He Told Police His Wife Overdosed. The Shallow Grave Told A Darker Story.

When investigators lifted the woman from the grave, they discovered a bottle of Gucci fragrance. It was called "Guilty."

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He Told Police His Wife Overdosed. The Shallow Grave Told A Darker Story.

Valerie Tieman's body was found wrapped in a blanket 11 days after she went missing. (Representational)

Washington: 

Highlights

  1. Valerie Tieman's body was found wrapped in a blanket in the woods
  2. Her husband had earlier claimed she died from a heroin overdose
  3. The jury found the husband guilty of murdering his wife on Monday
The grave was shallow but still prepared with a strange kind of attentiveness.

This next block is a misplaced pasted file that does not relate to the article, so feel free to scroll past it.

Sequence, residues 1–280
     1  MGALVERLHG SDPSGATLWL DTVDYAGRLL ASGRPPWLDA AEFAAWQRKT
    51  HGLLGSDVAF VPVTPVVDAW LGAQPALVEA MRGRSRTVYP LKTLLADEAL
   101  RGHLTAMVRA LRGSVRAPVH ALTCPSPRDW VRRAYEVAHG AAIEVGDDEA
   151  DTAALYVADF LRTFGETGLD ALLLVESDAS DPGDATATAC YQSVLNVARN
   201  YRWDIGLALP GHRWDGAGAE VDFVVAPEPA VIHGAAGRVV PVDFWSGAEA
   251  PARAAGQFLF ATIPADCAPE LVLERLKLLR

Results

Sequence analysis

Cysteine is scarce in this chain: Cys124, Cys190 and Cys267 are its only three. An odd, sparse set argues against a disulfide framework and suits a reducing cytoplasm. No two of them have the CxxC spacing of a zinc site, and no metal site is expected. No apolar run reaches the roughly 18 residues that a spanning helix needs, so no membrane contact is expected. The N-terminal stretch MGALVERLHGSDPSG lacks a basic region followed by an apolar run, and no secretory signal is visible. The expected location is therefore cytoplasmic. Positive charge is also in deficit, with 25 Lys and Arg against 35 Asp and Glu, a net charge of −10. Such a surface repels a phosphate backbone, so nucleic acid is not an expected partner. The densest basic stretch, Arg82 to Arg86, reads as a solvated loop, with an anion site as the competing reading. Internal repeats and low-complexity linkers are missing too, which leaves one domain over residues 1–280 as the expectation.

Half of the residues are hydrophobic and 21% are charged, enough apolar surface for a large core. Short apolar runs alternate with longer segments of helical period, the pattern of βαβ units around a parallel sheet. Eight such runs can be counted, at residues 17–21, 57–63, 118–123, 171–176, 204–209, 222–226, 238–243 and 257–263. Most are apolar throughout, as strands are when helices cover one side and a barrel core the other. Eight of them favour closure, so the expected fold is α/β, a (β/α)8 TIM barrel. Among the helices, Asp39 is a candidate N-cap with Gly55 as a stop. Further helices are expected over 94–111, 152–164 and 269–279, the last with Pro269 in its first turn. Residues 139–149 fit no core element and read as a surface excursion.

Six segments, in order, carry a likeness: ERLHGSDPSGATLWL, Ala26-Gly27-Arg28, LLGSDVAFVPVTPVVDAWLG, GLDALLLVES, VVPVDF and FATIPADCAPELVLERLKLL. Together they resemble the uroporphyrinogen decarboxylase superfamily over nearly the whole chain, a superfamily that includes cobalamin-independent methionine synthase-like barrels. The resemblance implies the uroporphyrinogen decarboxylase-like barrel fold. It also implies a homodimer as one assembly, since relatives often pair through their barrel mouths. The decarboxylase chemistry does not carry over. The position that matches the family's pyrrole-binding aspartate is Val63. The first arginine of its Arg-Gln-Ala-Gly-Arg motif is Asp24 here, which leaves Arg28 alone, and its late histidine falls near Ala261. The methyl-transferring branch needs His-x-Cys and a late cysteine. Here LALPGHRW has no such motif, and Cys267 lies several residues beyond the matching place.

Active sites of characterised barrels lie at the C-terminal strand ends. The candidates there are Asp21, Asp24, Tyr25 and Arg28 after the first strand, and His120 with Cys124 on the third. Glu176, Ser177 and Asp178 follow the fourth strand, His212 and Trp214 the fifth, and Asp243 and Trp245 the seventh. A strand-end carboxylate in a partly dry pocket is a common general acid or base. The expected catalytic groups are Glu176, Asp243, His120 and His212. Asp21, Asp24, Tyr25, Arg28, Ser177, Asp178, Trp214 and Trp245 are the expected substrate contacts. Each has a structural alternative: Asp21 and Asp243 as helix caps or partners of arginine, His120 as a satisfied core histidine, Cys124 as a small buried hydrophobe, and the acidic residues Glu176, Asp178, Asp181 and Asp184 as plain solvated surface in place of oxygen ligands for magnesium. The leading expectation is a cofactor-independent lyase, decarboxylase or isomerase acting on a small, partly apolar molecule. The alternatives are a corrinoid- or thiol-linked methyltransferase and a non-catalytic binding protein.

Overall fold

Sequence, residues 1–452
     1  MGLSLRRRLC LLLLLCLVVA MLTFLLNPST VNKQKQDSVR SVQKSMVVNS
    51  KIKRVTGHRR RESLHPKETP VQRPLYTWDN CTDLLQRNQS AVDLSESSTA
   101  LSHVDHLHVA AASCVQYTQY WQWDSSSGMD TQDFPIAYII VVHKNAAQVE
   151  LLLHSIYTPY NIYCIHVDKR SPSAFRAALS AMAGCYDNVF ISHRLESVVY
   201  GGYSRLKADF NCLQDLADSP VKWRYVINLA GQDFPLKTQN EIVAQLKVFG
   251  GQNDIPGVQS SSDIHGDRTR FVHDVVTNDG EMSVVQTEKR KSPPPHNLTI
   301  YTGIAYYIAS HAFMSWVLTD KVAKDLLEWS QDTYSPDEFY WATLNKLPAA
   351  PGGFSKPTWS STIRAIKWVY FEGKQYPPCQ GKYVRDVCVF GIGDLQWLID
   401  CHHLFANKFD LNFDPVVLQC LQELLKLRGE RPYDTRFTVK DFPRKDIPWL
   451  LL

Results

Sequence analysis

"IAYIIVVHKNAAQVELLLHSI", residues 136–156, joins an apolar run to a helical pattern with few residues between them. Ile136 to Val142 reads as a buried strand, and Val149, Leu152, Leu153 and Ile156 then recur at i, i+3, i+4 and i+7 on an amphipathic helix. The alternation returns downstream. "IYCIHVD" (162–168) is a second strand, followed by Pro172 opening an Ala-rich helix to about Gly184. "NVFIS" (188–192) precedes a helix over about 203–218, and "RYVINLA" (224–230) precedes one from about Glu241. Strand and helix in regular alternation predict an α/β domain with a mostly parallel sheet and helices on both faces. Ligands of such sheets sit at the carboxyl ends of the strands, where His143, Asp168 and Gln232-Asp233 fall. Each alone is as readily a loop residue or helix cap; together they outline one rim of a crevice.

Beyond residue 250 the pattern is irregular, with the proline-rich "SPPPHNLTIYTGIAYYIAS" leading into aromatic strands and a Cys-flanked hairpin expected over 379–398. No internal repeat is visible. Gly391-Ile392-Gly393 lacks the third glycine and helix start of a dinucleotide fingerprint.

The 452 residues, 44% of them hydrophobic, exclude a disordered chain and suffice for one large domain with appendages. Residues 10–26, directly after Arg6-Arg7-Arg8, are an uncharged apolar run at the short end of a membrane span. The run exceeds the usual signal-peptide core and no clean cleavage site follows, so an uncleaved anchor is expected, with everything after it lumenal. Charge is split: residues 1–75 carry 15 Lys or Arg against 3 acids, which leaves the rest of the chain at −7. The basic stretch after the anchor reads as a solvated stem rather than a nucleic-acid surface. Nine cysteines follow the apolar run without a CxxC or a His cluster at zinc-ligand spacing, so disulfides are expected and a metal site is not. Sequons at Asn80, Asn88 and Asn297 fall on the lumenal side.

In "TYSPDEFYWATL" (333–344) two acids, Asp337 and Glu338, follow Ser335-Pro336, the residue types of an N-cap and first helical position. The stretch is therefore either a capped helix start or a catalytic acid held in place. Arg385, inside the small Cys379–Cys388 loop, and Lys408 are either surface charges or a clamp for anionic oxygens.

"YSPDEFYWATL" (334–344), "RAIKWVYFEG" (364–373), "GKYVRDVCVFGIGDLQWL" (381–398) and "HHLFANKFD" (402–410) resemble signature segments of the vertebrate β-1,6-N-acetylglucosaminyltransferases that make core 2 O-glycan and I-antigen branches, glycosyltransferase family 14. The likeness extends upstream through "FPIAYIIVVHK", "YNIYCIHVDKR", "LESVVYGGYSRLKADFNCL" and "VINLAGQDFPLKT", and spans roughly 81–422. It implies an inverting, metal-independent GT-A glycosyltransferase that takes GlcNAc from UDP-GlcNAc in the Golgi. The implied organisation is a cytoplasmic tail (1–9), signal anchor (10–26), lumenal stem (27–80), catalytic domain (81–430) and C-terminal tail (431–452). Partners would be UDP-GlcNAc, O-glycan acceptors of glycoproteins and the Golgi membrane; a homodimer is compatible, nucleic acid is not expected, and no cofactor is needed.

It took a search dog only five minutes to discover the body 250 yards down a trail twisting through the woods in Fairfield, Maine. Valerie Tieman - officially missing for 11 days - was found wrapped in an orange, black and white blanket, the Central Maine Morning Sentinel would later report.

Mementos were placed inside the 34-year-old's final resting place. A box of SweeTarts candy. A wedding band. A Mason jar filled with flower stems. An index card scribbled with a note. "To my one and only Joy-Joy," it began. "Flower. Forever."

When investigators lifted the woman from the grave, they discovered a bottle of Gucci fragrance. It was called "Guilty."

On the day of Valerie's discovery - Sept. 20, 2016 - investigators were attempting to pull answers from the missing woman's husband, Luc Tieman. An Iraq War U.S. Army veteran who reportedly suffered from post-traumatic stress disorder, he maintained he had last seen his wife in a Walmart parking lot days earlier.

"I'm not going to lie to you," an investigator told Tieman in the interview. "Honestly, it doesn't look good."